Harriette’s Story

Because Peach is a company with a mission to elevate and empower women, I want to start sharing stories of amazing ladies. I want to highlight women who have inspired me, amazed me, and made me think. I’m starting with my grandmother. Her life story was full of challenges. I remember listening to her tales in awe of her strength. I often wondered if I could be as strong as she was, given the same set of circumstances. So, here’s the first of many stories about incredible women that I’ll share on this Peach blog. I’d love to share your stories, too. Just message me!

Here’s to my grandmother, Harriette.


It was simply a birthday party. No one could have known that it would change my grandmother’s life forever. Her sister just attended the birthday party of a friend, like so many children before and after. The year was 1916.  Harriette’s sister was exposed to influenza and came down with symptoms days after the party. She recovered. Her mother also came down with symptoms, yet she did not recover. Just one week later, her father also succumbed to the flu. My grandmother was four years old.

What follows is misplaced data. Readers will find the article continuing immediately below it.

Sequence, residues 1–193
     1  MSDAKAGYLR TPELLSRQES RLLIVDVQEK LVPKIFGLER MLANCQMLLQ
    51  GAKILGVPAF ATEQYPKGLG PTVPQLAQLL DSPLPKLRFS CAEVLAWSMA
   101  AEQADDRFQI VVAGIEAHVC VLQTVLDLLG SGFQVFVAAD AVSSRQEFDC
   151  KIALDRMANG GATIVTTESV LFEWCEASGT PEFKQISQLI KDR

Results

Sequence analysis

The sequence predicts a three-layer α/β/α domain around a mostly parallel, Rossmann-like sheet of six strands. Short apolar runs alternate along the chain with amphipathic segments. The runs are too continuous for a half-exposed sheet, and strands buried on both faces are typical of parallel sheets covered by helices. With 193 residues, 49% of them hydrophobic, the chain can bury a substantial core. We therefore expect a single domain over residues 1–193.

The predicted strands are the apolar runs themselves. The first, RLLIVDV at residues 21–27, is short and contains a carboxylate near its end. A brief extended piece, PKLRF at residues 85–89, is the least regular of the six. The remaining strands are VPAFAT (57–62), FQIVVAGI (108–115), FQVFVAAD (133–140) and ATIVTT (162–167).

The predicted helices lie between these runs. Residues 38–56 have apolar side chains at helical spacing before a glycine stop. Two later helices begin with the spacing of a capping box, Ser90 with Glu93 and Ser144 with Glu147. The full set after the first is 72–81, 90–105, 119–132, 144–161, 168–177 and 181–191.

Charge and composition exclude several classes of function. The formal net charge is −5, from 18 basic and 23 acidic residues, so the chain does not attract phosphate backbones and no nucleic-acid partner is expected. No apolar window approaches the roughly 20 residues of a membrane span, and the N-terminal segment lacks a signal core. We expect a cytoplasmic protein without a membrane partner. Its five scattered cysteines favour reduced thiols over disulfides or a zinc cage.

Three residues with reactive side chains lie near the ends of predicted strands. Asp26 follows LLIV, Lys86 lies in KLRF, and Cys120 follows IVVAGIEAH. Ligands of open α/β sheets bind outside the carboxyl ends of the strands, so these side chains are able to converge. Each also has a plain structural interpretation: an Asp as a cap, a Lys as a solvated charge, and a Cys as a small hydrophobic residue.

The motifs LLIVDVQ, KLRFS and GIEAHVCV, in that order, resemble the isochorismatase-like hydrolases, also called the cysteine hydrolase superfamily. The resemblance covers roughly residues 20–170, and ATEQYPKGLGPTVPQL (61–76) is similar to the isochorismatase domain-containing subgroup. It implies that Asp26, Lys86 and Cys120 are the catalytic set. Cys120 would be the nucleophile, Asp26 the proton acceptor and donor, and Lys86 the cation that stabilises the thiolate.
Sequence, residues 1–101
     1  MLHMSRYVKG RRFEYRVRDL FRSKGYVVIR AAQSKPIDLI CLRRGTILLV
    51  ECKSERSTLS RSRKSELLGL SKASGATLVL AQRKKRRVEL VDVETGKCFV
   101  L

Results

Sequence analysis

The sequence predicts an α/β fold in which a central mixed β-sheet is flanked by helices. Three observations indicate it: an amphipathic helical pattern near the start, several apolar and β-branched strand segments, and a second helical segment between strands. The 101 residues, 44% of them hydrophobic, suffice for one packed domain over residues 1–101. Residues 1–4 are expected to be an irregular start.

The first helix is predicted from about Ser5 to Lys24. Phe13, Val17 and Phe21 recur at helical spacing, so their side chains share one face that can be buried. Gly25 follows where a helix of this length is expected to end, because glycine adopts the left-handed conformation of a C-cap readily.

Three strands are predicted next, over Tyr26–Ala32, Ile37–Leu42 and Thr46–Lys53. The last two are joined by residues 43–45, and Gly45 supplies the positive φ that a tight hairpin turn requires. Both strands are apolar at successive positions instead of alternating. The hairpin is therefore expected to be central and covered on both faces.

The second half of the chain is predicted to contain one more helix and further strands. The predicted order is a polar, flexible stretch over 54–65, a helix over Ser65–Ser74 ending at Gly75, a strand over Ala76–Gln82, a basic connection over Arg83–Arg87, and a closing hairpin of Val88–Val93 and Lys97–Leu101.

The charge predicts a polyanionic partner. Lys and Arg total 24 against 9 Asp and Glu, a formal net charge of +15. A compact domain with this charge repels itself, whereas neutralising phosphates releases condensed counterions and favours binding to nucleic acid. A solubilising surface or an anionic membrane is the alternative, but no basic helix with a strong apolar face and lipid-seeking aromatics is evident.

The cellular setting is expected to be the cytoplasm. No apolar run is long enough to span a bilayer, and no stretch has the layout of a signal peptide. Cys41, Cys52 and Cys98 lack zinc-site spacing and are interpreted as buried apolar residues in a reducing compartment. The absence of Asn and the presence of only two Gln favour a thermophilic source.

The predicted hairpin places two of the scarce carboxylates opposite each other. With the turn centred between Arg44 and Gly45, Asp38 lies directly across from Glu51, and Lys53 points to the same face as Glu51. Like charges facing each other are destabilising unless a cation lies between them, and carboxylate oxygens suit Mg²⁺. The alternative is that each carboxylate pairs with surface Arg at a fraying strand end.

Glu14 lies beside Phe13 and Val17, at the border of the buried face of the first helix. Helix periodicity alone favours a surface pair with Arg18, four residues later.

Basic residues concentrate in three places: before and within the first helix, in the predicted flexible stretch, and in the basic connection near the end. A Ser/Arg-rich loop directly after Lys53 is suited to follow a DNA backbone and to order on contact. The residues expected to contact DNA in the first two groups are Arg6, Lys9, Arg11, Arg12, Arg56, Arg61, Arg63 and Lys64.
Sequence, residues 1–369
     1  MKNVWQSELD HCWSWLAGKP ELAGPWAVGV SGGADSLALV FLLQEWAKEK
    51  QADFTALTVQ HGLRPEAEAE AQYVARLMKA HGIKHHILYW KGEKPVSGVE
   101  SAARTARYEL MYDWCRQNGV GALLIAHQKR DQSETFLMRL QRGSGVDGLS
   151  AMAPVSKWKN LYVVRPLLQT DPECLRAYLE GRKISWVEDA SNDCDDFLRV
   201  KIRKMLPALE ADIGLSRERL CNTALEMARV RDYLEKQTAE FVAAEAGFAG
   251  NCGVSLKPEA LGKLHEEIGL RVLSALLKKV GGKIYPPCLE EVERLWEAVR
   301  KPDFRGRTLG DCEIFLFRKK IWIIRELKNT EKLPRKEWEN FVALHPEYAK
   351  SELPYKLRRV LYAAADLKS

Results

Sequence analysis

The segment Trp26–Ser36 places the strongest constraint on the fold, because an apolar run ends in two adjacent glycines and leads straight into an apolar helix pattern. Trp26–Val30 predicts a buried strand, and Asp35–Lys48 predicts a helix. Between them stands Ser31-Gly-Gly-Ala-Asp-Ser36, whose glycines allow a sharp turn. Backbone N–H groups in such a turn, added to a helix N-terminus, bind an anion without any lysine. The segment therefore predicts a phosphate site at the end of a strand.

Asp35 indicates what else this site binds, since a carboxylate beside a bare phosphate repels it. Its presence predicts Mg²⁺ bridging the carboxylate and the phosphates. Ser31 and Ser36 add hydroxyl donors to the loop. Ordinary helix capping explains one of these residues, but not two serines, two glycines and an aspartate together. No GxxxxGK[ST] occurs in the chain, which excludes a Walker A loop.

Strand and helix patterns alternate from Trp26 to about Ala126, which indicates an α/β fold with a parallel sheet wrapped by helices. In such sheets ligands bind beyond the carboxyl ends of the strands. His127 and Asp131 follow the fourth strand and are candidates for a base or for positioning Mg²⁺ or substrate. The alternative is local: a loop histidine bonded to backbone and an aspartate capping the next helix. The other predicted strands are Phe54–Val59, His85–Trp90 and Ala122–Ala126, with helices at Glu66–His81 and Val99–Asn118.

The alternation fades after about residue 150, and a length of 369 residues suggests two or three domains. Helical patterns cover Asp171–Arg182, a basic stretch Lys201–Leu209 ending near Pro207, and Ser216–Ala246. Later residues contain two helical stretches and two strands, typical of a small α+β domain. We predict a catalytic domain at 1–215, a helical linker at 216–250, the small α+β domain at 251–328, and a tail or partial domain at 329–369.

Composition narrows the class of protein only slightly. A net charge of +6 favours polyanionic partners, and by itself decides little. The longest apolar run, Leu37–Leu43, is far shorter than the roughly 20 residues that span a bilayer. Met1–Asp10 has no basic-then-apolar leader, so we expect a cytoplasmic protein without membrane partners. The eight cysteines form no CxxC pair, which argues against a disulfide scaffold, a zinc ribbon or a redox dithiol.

Picture any four-year-old child, past or present. The world of a four-year-old is pretty small. Life revolves around family. Life depends on stability. Life grows from guidance. Little Harriette Irene Annette knew her family and her role in their Mason City, Iowa, home. She felt safe and loved in the company of her parents and her older siblings, two brothers and a set of twin sisters. That carefree, four-year-old world was shattered by the outbreak of the flu in one short week. As the extended family gathered for the funerals of her parents, they also made arrangements for the lives of the children. All of the older siblings were placed with the same family in Iowa.  As the youngest, my grandmother went to live with an aunt and uncle whom she had never met in Joplin, Missouri, a place that she had never been. This aunt and uncle wanted to provide little Harriette with a warm home and raise her as their own. They welcomed her into their family, complete with three cousins, a boy and two girls. They loved Harriette and treated her well. She even grew to consider her cousins as her brother and sisters. They became the only family that she knew, the only place where she felt truly bonded. Memories of her former life faded, but not the sense of loss. Even though there were blood siblings that she could recall, she wasn’t able to really know them until adulthood when travel became more available to her.